(Your English is fine!)
A good reference is Darrell Duffie and Kenneth J. Singleton, Credit Risk: Pricing, Measurement, and Management, PUP 2003.
The function on Bloomberg that sort of does what you want is VCDS. However it does not do it very well, so you will probably want to implement it yourself.
I will outline my understanding of Duffie and Singleton methodology and VCDS (going back to their 1999 paper in the Review of Financial Studies https://web.stanford.edu/~duffie/ds.pdf ). Any errors are mine alone.
Suppose you are given a bond price and a CDS. You calculate the model price of the bond using the CDS - that is, for each bond cash flow (coupon or notional), you calculate the probability of default derived from the CDS, and discount the cash flow using the risk-free discount factor and (1 - probability of default). You also add the value of the recovery of the notional in case of default. You don't need to assume that the bond will have the same recovery as the CDS if you don't have to (e.g. the bond is highly collateralized). This model price generally will not be the same as your observed market price.
You solve for the bond-CDS basis - determine how much the CDS needs to be shifted in order to explain the market price.
In order to calculate the sensitivity of the bond price to the CDS, you keep the bond-CDS basis constant, perturb the CDS curve (one tenor at a time), reprice the bond, and measure the impact. (Practically, you may prefer to perturb not the observable CDS, but the one shifted by the bond-CDS basis, that matches the observed bond price). Multiplying the CDS sensitivities by the change in CDS quotes at each tenor will tell you how much PL came from the change in each quote.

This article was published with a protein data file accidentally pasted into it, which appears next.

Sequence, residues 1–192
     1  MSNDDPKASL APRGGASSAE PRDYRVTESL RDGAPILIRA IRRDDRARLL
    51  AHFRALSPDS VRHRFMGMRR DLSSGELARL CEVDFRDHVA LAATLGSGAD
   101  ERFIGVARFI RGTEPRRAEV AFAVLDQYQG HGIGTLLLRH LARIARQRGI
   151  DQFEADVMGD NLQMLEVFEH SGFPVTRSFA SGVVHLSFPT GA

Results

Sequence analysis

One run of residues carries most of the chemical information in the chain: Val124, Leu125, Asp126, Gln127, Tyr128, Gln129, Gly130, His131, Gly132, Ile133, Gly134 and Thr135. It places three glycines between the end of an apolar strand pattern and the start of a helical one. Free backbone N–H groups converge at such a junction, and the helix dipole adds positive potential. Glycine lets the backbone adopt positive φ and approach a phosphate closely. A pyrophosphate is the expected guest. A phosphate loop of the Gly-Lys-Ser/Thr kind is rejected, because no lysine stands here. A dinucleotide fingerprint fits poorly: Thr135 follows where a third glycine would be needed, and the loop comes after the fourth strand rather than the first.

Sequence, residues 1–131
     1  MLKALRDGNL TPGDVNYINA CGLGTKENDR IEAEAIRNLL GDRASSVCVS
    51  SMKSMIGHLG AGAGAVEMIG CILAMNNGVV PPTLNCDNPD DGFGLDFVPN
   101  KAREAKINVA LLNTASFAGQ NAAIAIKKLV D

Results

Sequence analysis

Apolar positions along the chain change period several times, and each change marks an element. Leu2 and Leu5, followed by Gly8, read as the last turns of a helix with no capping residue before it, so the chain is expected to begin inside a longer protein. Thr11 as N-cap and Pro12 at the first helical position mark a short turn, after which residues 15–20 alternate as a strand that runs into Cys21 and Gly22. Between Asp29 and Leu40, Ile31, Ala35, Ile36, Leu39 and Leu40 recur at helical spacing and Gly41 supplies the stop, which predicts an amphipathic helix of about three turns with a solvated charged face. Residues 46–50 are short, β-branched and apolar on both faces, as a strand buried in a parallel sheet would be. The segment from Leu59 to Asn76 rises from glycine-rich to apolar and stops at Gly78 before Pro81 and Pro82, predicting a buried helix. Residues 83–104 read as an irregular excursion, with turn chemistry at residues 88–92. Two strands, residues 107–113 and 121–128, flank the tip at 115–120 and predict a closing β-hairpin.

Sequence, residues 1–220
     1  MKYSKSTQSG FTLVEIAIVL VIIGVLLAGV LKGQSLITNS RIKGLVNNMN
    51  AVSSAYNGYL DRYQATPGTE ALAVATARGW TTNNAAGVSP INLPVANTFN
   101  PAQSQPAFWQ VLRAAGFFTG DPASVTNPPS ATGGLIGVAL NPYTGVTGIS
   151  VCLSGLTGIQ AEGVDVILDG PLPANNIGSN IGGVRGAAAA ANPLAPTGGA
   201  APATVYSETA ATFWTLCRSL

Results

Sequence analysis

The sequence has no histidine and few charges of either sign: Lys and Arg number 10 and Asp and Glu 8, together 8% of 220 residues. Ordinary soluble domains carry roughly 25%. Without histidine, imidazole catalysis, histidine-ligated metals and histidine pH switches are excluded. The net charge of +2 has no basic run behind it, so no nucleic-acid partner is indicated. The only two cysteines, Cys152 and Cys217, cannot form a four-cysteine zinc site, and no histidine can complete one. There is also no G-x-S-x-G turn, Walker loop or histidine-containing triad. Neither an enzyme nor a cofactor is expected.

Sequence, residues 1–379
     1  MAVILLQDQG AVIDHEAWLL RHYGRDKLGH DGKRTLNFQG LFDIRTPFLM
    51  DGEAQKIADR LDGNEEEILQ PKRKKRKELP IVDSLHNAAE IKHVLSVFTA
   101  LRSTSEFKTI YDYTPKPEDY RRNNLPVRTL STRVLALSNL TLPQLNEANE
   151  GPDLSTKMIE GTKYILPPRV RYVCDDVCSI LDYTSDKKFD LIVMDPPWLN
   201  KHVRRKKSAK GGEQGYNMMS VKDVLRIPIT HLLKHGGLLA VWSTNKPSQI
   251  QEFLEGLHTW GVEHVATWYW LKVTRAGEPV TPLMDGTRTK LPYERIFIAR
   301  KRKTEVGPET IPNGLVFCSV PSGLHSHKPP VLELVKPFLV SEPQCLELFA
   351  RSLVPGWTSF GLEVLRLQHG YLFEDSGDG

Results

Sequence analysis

You should also calculate the sensitivity to the change in the bond-CDS basis, and multiply this sensitivity by the change in the bond-CDS basis and include this product in your PL due to credit.
Further if you follow this methodology and want to minimize the remaining unexplained PL:
when you calculate the sensitivity to interest rates (IR deltas), you should keep the CDS quotes constant and recalculate the survival probabilities using the perturbed IR curve
it helps to include all imaginable second-order sensitivities (various gammas and cross-gammas: CDS x basis, CDS x IR, CDS x recovery...) in your PL explanation